Scripture reading for today: John 1-3
Just as I wished my sister a happy birthday on the fourth, I want to extend those same wishes to my brother Michael today. Happy 21st, be safe, be smart.
I’m beginning to take on the book of John as a bit of a personal project. When it comes to my knowledge of and familiarity of scripture, John is one of my primary weaknesses. When it comes to the gospel studies, you can almost take on Matthew, Mark, and Luke at the same time because they share so much in common. However, when read together it’s not the similarities that stand out but the areas in which each book is distinct. I celebrate these distinctions.
The book of John, on the other hand, remains quite distinct from these other three in many ways. It is clear that John is telling the same story about the same person. He speaks of Jesus Christ whose ministry was preceded and launched by John the Baptist. He tells similar stories (such as healings, Jesus in the temple, feeding the five thousand, etc.). However, the book also just maintains a different quality. It is more overtly theological than the other gospels (though the other gospels are inherently theological). It is highly metaphorical, maintaining such themes as “light vs. darkness” from start to finish. It devotes far more attention to Jesus’ last days than other gospels. In sum, it is simply distinct.
What are we to make of the distinctiveness of each of the gospels? I think this is an important question. I think about it like this: if someone asked Meredith, Michael, and I to write the story of our father, Pete, we would surely end up with different accounts. Sure there would be similar stories, but they may appear in different orders and perhaps have a different tone depending on our distinct experiences. It seems important, then, not to try to synthesize the voices too heartily but instead to allow the difference to shine through in order to have the fullest possible understanding of our father.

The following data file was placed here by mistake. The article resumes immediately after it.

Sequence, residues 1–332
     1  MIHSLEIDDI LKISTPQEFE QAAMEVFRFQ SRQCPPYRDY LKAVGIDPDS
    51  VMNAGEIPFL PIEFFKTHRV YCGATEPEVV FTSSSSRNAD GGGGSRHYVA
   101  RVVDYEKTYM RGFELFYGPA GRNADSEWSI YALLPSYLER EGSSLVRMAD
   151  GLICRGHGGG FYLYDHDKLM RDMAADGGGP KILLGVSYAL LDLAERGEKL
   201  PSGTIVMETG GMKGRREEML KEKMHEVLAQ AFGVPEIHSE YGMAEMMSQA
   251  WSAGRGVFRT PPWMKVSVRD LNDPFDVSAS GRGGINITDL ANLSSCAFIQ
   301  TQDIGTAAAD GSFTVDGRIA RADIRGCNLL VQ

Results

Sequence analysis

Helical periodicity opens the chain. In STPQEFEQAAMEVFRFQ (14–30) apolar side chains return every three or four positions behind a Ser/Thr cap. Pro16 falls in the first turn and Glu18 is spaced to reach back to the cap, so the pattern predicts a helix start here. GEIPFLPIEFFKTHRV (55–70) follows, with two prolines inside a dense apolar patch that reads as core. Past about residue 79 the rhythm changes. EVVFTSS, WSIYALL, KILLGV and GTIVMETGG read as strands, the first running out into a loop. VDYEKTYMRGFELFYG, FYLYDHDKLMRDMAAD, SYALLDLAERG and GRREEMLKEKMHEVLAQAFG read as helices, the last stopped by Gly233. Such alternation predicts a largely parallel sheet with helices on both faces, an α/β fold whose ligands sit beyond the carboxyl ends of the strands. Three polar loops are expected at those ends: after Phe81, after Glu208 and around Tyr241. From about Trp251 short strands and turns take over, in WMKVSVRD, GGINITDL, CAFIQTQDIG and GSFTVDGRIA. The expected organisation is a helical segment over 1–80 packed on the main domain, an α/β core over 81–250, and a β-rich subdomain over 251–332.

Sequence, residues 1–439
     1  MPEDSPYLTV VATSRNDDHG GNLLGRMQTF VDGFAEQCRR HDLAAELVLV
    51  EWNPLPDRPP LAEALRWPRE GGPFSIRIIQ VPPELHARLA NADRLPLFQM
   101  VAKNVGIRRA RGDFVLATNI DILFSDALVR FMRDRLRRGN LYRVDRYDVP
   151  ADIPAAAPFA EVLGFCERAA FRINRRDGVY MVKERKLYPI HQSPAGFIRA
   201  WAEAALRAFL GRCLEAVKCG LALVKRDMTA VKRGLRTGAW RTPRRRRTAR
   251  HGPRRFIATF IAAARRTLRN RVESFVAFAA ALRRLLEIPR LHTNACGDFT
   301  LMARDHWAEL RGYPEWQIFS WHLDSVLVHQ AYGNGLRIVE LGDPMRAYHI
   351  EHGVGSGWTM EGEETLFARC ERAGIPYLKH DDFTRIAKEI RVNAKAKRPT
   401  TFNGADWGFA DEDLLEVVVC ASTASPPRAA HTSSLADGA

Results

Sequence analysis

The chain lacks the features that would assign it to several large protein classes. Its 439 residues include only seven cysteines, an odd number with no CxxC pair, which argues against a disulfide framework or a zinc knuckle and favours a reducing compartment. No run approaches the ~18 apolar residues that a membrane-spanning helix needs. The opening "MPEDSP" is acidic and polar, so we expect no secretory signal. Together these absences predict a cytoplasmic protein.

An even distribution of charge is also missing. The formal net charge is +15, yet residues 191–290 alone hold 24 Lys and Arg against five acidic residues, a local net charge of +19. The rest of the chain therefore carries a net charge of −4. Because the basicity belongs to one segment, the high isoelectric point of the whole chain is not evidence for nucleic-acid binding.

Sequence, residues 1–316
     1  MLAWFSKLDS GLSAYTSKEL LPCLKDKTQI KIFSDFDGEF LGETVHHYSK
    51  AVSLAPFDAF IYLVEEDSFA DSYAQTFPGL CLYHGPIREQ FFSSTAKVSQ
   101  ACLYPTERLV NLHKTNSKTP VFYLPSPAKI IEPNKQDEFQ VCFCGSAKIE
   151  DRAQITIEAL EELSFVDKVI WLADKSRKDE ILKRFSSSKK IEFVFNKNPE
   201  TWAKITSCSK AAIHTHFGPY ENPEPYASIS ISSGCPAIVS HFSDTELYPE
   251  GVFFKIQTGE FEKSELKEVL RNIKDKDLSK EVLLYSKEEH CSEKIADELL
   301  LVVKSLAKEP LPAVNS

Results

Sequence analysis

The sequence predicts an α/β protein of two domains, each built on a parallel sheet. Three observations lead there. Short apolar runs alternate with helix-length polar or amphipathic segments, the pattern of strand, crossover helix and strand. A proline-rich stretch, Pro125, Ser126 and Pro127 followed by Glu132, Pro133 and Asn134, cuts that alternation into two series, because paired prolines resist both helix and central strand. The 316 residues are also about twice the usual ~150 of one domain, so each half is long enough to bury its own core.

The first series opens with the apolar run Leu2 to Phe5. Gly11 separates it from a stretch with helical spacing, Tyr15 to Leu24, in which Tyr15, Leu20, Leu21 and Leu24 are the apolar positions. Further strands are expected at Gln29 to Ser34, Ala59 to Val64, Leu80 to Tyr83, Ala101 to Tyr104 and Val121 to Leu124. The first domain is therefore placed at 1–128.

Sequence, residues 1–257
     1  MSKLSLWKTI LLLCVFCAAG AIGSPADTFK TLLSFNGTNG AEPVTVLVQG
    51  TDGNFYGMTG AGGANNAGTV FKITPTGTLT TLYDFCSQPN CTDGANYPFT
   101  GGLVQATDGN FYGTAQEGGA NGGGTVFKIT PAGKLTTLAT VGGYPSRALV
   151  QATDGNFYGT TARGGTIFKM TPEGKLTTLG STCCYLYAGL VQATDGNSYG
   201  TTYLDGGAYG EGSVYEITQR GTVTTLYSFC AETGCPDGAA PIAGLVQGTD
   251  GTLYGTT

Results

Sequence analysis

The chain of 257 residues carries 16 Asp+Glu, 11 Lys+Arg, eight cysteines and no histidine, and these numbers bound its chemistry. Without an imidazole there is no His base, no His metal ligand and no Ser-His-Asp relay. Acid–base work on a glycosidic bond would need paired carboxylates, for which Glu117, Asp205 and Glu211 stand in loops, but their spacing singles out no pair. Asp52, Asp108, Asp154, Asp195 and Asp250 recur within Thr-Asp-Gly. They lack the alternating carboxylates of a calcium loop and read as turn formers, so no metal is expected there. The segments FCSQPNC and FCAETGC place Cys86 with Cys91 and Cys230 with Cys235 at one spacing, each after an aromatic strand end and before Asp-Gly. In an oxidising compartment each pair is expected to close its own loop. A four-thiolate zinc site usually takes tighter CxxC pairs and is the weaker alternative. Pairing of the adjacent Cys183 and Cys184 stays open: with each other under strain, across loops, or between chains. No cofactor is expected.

I believe we should approach the gospels similarly. Each story is crafted in a particular way to highlight particular characteristics of Jesus’ life, ministry, message, and implication. If we allow these different voices to speak we may walk away with a fuller view of Jesus.
Further, I believe this speaks to the importance of diversity in a larger context, namely, in this case, within a given church community. We all interpret the world through our own distinct lens shaped by our life experience. No two are the same. It is not necessary to always agree, but I do think it is important to allow room for a diversity of voices.
I think the appreciation of diversity teaches us something about what it means to submit our lives and will to God’s control. It teaches the importance of humility when it comes to dealing with other people and other opinions in the context of a community. Often times, other people can assess our actions and motivations better than we can. Seeking these voices can helpfully protect us from ourselves. Further, if we can acknowledge that everyone has a perspective, and no one knows the full truth of a situation, including ourselves, it can open the door for more gracious interpersonal interaction.
Reflection: How else do you see John as distinct from the other gospels (especially in these first three chapters)? What’re your thoughts on diversity of thought within the church? (I mean this in a broad sense, not just the interpretation of the Bible but in the life and action of the members of the church body.)